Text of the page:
On the other hand, there are also frustrations due to non-medical factors affecting healing and treatment.  They cope with the spiraling cost of living when salaries remain low.  Many community health physicians have earned the ire of the status quo and the government that has subjected them to political pressures, harassments and red baiting.   A number of community doctors are now being tagged as members of front organizations of insurgents.  Recently, the case of  Kalinga’s Dr. Chandu Claver and his near fatal encounter in the hands of highly armed gunmen believed to be soldiers, reflects the persecution most development workers including doctors have to endure.  In some cases, they are openly harassed, included in military orders of battle (OB), and are falsely charged with rebellion.

Community physicians are constantly challenged on how to deliver quality health care amid the struggle against recurrent poverty, hunger and social inequities. They are confronted with the high cost of medicines and the lack of public health facilities.

The government’s policies on health human resource have led, directly and indirectly, to the decline in community health practice. In fact, advocates believe that it is equally hard to count the number of practicing community health workers as it is equally hard to count those who left the country for employment.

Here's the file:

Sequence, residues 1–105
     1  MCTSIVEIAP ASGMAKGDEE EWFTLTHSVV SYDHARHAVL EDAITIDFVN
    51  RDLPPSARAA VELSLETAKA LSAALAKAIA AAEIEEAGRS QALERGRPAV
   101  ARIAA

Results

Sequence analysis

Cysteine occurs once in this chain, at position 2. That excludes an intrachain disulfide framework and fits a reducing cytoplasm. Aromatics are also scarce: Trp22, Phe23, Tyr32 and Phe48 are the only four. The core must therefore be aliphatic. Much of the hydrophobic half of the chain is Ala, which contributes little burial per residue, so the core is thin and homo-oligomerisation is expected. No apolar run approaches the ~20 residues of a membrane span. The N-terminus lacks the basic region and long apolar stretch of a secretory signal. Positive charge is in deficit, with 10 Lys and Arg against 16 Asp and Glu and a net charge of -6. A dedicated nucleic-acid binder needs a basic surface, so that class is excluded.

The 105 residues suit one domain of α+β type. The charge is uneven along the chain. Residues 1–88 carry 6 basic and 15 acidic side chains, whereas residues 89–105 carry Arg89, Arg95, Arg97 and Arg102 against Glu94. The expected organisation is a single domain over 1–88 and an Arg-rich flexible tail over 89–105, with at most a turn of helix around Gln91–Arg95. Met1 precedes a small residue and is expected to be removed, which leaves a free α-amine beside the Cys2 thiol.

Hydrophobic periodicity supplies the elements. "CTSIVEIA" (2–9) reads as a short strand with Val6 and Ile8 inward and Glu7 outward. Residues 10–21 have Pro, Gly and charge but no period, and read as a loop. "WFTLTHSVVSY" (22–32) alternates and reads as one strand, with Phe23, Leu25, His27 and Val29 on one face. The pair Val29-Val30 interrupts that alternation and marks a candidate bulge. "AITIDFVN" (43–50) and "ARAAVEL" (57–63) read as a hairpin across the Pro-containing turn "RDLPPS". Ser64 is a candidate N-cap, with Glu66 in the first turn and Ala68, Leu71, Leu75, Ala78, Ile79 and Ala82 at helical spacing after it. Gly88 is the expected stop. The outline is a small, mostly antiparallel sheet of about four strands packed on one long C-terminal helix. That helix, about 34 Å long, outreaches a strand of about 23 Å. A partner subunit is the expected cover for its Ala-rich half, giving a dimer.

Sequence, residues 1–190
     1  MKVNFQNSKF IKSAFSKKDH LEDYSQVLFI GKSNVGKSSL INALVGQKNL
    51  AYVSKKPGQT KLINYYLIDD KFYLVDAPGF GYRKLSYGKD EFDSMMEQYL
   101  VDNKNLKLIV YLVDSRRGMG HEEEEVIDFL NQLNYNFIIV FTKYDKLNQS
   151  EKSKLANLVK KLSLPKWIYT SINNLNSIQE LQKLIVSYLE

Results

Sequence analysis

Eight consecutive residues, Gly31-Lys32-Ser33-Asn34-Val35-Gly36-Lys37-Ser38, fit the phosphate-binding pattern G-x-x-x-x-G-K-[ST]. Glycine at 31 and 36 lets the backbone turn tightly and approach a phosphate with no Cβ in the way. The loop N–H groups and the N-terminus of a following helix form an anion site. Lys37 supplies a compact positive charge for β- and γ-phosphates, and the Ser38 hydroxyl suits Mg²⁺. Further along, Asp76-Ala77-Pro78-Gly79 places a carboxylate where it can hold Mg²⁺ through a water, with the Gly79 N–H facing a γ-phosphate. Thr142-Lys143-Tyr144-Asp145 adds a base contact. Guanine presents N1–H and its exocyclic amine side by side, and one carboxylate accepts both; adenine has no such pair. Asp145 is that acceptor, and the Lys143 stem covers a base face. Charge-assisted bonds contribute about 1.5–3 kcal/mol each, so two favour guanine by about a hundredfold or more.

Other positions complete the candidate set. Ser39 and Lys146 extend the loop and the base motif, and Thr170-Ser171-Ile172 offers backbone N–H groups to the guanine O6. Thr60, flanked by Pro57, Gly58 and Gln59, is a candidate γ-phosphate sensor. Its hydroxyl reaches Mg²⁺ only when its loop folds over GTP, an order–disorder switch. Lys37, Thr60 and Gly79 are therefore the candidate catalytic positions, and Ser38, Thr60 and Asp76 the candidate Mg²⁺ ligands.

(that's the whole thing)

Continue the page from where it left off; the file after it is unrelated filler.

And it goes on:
Contributing to the migration of health professionals are push factors that include phenomenon of globalization, privatization of public hospitals, medical zones, cost recovery schemes and the rationalization program which are being promoted purportedly to bring improved health services closer to the majority of the Filipino people.

Beyond health

Dr. Ramon Paterno, of the Community and Family Medicine of the University of the Philippines College of Medicine, in his presentation entitled, “Pesos. Politics and Pathology: Addressing the Social Determinants of Health,” raised the question: “What good does it do to treat people’s illnesses and then send them back to the conditions that made them sick?”

This succinctly reinforces the need for more community-based approaches to health. Thus, the role of community physicians to go to the community and organize among the people is an imperative and that the only way to stem the causes of the people’s health problems is to address its social determinants. Bulatlat



© 2006 Bulatlat  Alipato Media Center